Egg Dyeing – Getting Beautiful Results with Easy Techniques

I’m always a little sad that we don’t dye eggs, carve pumpkins, and decorate a tree and celebrate all year round. There is value in celebrating the seasons as they come, and paying attention to the rhythms of nature, but sometimes I think the decorating we do doesn’t have to be for one specific day, but perhaps for an entire season. Or, if you’d rather keep the day special, taking the techniques you incorporated into the decorations and using them for something else. In this instance, there are some beautiful ways people have dyed Easter eggs, and I think these techniques could also be used to dye fabric, as a way to paint on canvas, or to add a little something extra to your office supplies.

Martha Stewart has a beautiful slideshow available online that showcases these various ways to dye Easter eggs. The technique is called “masking” and it’s used to cover part of the egg so that when the paint is dry and the masking is removed, it leaves a pattern. One of my favorite ways to do this is with rubber bands. The dye creates a tie-dye look, and the eggs begin to resemble mysterious planets. If you’re scientifically minded, this might be the way you choose to go. If you’re more into patterns and fabrics, you may want to experiment with various sizes and types of tape and create your own plaids, stripes, or even spots. You can remove specific pieces of tape and dye those areas after the main dye is done for a more watercolor look, or you can create an ombre effect by dyeing one portion of the egg at a time. If you’d rather have a feminine, delicate look to the egg, you can use lace as a mask. This one is particularly breathtaking. You only need one dye color and some lace and masking tape, and voila! Beautiful, antique-esque eggs. These would look great in an array of pastels, such as yellow, purple, green, pink, and blue.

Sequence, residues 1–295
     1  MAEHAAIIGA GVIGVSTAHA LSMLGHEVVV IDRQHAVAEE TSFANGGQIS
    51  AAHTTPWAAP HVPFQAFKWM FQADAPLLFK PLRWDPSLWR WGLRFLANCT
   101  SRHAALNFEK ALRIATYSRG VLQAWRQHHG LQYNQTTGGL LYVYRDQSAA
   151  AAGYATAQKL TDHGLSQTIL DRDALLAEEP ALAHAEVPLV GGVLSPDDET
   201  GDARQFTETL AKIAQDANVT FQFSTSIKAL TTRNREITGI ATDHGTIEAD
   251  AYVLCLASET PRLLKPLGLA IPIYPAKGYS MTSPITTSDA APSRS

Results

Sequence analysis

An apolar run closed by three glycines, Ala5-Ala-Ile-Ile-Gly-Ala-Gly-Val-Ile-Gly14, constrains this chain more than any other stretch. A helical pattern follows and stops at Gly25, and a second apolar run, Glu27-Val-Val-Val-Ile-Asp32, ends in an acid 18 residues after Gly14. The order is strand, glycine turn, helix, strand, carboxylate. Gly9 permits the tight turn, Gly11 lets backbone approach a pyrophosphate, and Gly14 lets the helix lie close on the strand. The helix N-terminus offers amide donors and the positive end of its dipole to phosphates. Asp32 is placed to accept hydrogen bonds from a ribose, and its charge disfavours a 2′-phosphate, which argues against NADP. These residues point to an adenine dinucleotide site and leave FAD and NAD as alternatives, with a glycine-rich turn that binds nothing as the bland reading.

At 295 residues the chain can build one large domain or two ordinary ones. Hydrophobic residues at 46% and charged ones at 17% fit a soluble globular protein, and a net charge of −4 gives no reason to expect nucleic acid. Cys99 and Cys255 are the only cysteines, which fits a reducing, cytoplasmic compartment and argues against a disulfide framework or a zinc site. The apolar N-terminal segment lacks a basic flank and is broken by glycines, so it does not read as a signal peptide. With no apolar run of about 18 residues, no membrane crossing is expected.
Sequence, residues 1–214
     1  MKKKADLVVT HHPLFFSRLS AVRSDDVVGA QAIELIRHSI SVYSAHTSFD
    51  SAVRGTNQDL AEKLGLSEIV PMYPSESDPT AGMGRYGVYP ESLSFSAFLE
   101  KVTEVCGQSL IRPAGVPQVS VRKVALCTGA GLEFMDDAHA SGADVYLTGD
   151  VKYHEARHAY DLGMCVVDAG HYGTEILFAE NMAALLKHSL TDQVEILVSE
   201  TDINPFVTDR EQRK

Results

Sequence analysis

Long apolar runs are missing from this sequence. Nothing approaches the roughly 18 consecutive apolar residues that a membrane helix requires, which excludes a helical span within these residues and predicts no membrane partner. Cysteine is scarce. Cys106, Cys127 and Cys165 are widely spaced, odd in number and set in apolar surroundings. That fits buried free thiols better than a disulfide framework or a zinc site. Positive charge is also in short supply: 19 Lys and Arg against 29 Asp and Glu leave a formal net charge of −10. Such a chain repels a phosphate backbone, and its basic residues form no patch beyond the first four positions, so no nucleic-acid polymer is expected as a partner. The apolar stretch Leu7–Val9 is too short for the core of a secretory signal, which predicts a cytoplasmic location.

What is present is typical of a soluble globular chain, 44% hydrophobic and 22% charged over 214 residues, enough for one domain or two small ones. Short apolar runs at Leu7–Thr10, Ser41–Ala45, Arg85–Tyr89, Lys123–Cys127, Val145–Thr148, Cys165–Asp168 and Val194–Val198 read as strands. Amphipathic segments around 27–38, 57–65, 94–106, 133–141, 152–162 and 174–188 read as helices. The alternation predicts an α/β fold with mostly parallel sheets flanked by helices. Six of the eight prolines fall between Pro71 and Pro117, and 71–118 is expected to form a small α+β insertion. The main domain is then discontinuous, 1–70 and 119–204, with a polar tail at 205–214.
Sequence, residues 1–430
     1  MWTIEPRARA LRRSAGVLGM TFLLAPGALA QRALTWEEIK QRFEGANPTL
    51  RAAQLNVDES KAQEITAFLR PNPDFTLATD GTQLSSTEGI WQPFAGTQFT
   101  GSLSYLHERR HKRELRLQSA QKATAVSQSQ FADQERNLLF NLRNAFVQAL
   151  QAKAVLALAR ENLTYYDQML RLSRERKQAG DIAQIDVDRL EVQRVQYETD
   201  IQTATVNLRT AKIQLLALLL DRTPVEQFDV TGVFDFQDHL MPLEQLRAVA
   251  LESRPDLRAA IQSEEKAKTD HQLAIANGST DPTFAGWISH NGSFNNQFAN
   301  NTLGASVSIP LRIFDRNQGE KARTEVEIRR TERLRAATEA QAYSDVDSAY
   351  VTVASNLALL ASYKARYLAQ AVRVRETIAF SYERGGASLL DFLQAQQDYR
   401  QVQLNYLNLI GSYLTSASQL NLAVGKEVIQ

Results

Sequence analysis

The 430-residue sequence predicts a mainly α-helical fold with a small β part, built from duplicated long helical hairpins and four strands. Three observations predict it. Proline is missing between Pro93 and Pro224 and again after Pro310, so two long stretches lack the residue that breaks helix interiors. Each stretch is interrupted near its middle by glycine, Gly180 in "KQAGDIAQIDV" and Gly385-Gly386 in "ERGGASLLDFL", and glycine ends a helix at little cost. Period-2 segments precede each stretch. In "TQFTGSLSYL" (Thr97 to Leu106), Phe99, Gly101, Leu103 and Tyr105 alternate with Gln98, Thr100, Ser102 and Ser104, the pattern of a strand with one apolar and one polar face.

Of course, this doesn’t have to be limited to eggs. You will want to test the dye and mask on whatever object you’re going to work with, as the surface may take the dye differently than an egg shell. Once you’re happy with the look, use your tape, lace, and bands to create beautiful designs on everything from t-shirts to mugs to notebooks. These would all make sweet presents for birthdays, holidays, and other special occasions. You could also use it for decorating your home, whether it be table linens, wall art, or even something you’ve thrifted that you want to upcycle before you wear it and show it off.

If you want to get the whole Mask & Dye How-To, you can sign up for an account on the Martha Stewart website. If you just want to go browse the gallery for ideas, you can do so at the Masking Ideas page.

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